Libya's economy could grow just 5 percent instead of around 18 percent predicted by the IMF this year if the country cannot end protests that have all but halted its oil exports, its central bank governor told Reuters.
The government has been trying to negotiate with feuding tribes, militia and protester groups over the past two months to end the worst disruption since the country's 2011 revolution.
The stoppages have cost the Libyan government billions of dollars in lost revenues and helped drive global oil prices to six-month highs during August.
With the economy almost entirely dependent on hydrocarbons, Governor Saddek Omar Ali Elkaber said the collapse in output to a tenth of Libya's maximum capacity of 1.5 million barrels per day would leave the government with barely any revenue.
But he said he opposed suggestions by some decision makers and politicians that the government could draw on Libya's foreign exchange reserves or cash deposits in its $60 billion sovereign wealth fund.
"This is wrong... resorting to reserves would be possible if there were external circumstances," Ekaber said in an interview on Monday.
"If... there was a drop in oil prices globally, then you have force majeure... but this (stoppage is) an internal factor and you should control it by other means," he told Reuters in his ornate office in the old quarter of Tripoli.
"Part of these reserves are foreign credit obligations and contracts that cover Libyan banknotes. People think we are just sitting on them."
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Unlike other countries that went through Arab Spring uprisings, Libya is rich because of its oil reserves and accumulated oil earnings.
Gross domestic product "growth was expected at 18 percent according to IMF estimates for 2013," said Elkaber, who was appointed after the 2011 war that ousted dictator Muammar Gaddafi.
But "if these strikes continue in the sources of production and ports of export, I don't think growth will exceed 5 percent," Elkaber said.
The International Monetary Fund estimates Libya's economy shrank 60 percent in 2011 because of its civil war, but expanded 122 percent last year as oil output resumed. It expects growth to average 7 percent between 2014 and 2017.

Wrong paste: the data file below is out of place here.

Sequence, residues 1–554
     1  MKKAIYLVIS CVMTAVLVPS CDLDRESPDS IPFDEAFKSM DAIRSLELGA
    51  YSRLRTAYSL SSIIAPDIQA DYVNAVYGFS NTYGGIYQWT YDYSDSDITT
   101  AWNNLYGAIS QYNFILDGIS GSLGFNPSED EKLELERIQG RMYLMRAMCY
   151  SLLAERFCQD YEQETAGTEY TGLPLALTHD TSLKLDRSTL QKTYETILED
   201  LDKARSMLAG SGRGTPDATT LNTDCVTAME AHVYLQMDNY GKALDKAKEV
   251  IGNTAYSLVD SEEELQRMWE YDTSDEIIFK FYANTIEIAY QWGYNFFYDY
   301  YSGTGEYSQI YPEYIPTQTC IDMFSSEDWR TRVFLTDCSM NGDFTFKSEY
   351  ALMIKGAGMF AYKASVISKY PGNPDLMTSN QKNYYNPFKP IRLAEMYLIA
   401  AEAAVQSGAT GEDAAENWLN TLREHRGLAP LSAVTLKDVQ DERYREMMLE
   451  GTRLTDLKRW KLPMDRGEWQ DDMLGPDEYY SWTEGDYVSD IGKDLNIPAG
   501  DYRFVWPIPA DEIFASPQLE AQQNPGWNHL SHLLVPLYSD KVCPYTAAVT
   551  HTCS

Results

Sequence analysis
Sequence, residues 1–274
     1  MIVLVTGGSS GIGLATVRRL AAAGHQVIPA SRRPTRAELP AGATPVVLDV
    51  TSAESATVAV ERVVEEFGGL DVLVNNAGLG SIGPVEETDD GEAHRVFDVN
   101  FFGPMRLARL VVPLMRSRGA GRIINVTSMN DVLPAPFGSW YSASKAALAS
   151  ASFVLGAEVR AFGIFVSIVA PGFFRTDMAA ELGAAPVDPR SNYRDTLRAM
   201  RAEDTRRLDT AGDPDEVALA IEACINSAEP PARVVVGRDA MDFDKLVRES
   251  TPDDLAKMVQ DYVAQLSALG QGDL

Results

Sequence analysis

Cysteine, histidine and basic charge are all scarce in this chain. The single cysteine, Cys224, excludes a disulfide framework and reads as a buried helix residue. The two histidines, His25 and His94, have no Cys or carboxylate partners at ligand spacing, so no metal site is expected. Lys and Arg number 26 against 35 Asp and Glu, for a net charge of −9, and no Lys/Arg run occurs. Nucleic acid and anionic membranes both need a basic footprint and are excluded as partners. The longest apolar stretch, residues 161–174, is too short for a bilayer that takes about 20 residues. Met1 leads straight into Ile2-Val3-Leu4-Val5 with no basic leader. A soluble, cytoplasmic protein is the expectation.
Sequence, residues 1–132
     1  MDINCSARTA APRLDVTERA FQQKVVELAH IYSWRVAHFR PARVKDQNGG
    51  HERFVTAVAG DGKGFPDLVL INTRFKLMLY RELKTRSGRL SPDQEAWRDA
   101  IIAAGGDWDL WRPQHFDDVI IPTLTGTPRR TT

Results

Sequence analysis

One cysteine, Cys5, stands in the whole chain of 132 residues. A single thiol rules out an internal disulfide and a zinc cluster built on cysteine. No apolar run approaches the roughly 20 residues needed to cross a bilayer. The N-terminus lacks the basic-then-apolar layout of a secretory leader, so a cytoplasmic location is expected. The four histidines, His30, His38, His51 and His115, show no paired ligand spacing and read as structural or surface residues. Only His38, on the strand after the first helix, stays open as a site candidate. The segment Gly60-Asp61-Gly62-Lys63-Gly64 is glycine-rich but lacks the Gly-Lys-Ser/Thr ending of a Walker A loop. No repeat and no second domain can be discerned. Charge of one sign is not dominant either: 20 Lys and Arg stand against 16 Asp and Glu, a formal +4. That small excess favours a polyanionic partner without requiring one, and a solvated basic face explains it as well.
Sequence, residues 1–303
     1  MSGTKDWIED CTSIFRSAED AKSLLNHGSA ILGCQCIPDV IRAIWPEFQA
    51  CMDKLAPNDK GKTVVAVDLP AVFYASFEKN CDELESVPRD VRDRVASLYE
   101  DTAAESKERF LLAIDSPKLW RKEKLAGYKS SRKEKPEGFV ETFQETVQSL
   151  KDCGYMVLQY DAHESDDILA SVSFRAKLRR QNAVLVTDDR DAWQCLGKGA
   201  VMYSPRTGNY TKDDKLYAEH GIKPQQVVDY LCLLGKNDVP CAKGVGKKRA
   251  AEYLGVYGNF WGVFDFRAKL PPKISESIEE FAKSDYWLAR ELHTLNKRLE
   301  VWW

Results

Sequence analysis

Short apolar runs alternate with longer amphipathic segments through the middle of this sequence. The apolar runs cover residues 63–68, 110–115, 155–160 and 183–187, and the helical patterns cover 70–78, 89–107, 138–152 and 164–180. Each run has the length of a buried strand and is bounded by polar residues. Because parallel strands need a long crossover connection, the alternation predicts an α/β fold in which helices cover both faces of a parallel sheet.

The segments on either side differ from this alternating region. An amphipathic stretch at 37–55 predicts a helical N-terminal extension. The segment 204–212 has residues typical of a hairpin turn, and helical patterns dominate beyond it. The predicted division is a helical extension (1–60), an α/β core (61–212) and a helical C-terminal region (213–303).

The government's $54 billion budget is 95 percent reliant on oil and gas revenues.
Elkaber said Libya was struggling to end the legacy of state control over its $100-billion-plus economy.
Billions of dollars of subsidised foodstuffs and fuels are smuggled abroad.
The IMF was advising on a fairer cash transfer system although many hurdles stood in the way of changing a cultural mindset under Gaddafi of dependence on the state, he added.
"There is no justice in distribution if the subsidies stay in this way," Elkaber added.
He said the central bank did not intend to issue licenses to global and Arab Gulf banks despite repeated requests until a permanent government and constitution are in place, a goal set for next year.
"There are pressures by global banks to enter the market and get licenses, but ... we said it's premature until the Libyan state is set up. Now we are in a transition period," Elkaber said.
"After that, Libya would have an open market and economy and survival would be for the fittest."
Elkaber said any global banks interested in entering the Libyan market would have to work under Gaddafi-era banking laws that permit foreign banks to strike management deals or buy up to 49 percent equity in existing Libyan commercial banks.
He said the bank was lobbying with the legislature, the General National Congress, to delay a law they passed earlier this year that bans interest on financial transactions and forces banks to become Sharia-compliant by 2015, a ruling that banks blame for high private credit costs.
In the meantime, the central bank was in talks with five local investor groups who are competing for three banking licenses that would be awarded soon, Elkaber said.
"This would create Sharia-compliant banks from day one," he added.